Tuesday, May 3, 2016

Q&A with Joshua Hammer

Joshua Hammer is the author of the new book The Bad-Ass Librarians of Timbuktu and Their Race to Save the World's Most Precious Manuscripts. It looks at the recent efforts to rescue historic manuscripts in Mali from Al Qaeda. His other books include Yokohama Burning and A Season in Bethlehem. He was a bureau chief for Newsweek and is a contributing editor for Smithsonian and Outside. He is based in Berlin, Germany.

Q: How did you come up with the idea for your new book, and how did you meet Abdel Kader Haidara, whose story the book tells?

A: I met him first in 2006 on a magazine assignment for Smithsonian. It was one of the first assignments I did for them. I knew Mali a little bit—I had been there 10 years before for Newsweek, and I relished the opportunity to go back. I pitched the idea to Smithsonian.

Because of my interest, and [subsequent] repeated visits to Mali, when the jihadists invaded Mali in 2012 I felt a personal connection. I had been to Timbuktu a few times and had quite a relationship with the people. I wondered what would happen to the manuscripts.

When the dust cleared and the French invaded, I went to Mali again, and picked up the story again…It led to the idea of doing a book about this…

Q: What role did Timbuktu play in the region’s culture and scholarship, and how did it become the repository of these important works?

A: The first Europeans [who visited Timbuktu] in the 1820s and ‘30s were disappointed. It had lost its luster. It was a poor, decrepit, isolated outpost in the desert.

You have to go back [another] 300-400 years to understand the aura of Timbuktu in the 15th and 16th centuries. It’s at the intersection of the Niger River and the desert trading routes. By dint of that, it was a natural international crossroads for the world.

In those days, it had great commercial importance. Because of a couple of enlightened leaders, it developed cultural importance. They were devout Muslims but people open to secular learning, people who took this seriously and were willing to attract artists and writers.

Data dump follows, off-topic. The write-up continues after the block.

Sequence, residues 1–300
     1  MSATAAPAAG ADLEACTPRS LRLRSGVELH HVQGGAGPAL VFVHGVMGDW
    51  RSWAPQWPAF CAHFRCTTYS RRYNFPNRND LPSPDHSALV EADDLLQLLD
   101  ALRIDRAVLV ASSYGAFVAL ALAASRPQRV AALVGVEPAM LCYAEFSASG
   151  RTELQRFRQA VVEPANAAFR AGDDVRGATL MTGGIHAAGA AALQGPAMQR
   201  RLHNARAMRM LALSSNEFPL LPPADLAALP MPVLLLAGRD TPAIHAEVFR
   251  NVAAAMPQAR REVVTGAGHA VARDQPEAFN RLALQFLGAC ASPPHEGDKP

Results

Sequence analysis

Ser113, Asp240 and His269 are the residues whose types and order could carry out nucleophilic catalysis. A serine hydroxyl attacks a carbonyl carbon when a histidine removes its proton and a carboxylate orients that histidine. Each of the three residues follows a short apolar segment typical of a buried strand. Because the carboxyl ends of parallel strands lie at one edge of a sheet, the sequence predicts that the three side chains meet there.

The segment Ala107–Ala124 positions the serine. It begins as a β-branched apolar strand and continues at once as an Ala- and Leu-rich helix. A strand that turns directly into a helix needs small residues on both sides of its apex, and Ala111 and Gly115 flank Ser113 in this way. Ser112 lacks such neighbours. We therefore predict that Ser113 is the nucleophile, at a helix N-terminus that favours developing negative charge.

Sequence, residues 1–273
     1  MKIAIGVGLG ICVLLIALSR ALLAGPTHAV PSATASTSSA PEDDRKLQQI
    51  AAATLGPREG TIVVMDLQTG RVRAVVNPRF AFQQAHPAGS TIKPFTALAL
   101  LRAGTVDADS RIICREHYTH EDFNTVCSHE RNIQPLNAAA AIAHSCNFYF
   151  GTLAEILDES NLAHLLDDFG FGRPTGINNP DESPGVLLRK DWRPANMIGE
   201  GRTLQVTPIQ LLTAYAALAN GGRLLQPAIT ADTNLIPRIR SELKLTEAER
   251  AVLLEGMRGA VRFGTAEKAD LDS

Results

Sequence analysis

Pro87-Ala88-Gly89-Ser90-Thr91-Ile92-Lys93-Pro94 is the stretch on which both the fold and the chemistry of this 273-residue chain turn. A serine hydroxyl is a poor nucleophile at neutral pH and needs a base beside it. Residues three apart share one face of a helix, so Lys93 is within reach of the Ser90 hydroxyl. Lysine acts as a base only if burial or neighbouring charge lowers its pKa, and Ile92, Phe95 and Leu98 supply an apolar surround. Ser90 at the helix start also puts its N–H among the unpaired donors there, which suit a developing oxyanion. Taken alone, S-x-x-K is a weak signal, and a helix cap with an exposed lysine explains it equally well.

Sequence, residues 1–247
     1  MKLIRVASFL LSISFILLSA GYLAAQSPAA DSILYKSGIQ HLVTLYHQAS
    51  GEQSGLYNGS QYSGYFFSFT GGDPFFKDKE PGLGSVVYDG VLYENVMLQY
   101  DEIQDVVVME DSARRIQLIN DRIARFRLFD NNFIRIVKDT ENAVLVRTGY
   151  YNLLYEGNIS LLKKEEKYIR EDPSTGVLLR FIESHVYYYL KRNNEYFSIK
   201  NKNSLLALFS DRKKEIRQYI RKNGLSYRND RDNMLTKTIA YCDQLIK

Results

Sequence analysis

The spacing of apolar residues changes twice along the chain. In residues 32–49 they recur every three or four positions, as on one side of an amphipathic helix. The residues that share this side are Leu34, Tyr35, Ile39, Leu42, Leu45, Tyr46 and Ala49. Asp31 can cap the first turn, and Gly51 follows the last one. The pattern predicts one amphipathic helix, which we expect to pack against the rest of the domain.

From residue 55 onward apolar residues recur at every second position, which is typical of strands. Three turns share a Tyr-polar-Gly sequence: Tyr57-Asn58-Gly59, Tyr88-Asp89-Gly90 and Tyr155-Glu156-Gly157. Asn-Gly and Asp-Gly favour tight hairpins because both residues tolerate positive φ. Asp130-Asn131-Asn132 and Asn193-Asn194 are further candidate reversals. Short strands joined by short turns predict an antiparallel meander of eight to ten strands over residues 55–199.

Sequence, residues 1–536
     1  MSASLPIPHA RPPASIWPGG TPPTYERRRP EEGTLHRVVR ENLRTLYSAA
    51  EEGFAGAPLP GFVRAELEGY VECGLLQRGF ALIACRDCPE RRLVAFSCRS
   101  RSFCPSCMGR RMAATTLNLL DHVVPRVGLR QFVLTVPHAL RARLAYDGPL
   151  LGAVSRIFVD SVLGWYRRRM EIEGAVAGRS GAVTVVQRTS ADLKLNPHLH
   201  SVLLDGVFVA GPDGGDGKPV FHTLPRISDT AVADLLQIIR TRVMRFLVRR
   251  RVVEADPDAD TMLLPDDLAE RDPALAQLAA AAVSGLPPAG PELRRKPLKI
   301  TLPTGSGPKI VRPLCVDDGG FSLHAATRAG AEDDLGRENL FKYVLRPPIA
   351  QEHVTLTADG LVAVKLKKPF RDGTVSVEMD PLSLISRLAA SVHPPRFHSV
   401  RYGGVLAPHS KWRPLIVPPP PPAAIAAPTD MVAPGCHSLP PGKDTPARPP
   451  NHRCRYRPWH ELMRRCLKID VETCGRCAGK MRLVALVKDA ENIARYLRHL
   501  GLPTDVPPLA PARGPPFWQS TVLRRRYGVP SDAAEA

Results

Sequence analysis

It developed an intellectual atmosphere in the beginning of the 16th century. For 100 years in North Africa, no place was more important culturally than Timbuktu.

Out of that, one of the great manifestations was libraries and universities that flourished for 100 years. They became repositories of manuscripts from all over the Middle East. Manuscripts were produced there and disseminated.

Q: You write that “the original power of the culture itself, and the people…who had become entranced by that power, had saved the great manuscripts in the end.” Why were the manuscripts targeted, and how did Abdel Kader Haidara manage to save them?

A: There was a fear of their being targeted—the top jihadists seemed to know about them, threaten them from time to time. It was not clear that they were out to destroy them [but] there was fear.

Abdel Kader was not willing to take any chances, nor were the donors [involved in saving the manuscripts.]…It was a joint effort between the money people and the people on the ground, working as quietly as they could.

Only at the very end, when the jihadists were fleeing, you saw the maliciousness came to the surface. They grabbed manuscripts and burned them. It was a vindication of what Abdel Kader had been up to.

Q: So when you look at this effort to save the manuscripts, how likely was it that it would succeed?

A: It’s hard to know. Certainly the jihadists had the opportunity to realize what was going on…possibly because they were too focused on other things, [it] never resulted in organized efforts to arrest people and go house to house.

The care and caution and methodical focus of the rescuers, combined with the inattentiveness of the jihadists, allowed the project to unfold successfully.

The smugglers say their real fear was not the jihadists but…the Malian soldiers in the zone of safety. They would open trunks, threaten them, demand bribes.

Q:  Where are the manuscripts now, and what is likely to happen to them?

A: They’re scattered around. They’ve been consolidated into a dozen storage facilities that are supposedly climate-controlled and have accouterments like dehumidifiers. Bamako is a very humid place.

They’re sitting in limbo. Abdel Kader would like to move them to Timbuktu, but…Al Qaeda in the Islamic Maghreb has regrouped and is still capable of terror attacks.

Q: So the manuscripts are in Bamako now.

A: Yes. For a short time, there was a fear of a jihadist takeover in 2013, when the French arrived. It’s a relatively stable environment now—[the manuscripts] could remain there indefinitely.

Q: Are you working on another book?

A: No--I would like to get started on it. I’m back in magazine-writing mode and enjoying that. I [recently] won a National Magazine Award…I enjoy writing long narrative pieces. In the next several months, I’ll be looking around [for a book topic].

Q: Anything else we should know?

A: This is an international effort. One of Abdel Kader’s closest associates is an American woman. Americans were connected to the story from the beginning. When the jihadists were coalescing in the desert, Americans were looking at it carefully, trying to train the Malian army, to no avail…They had American involvement running all through [these events].

--Interview with Deborah Kalb

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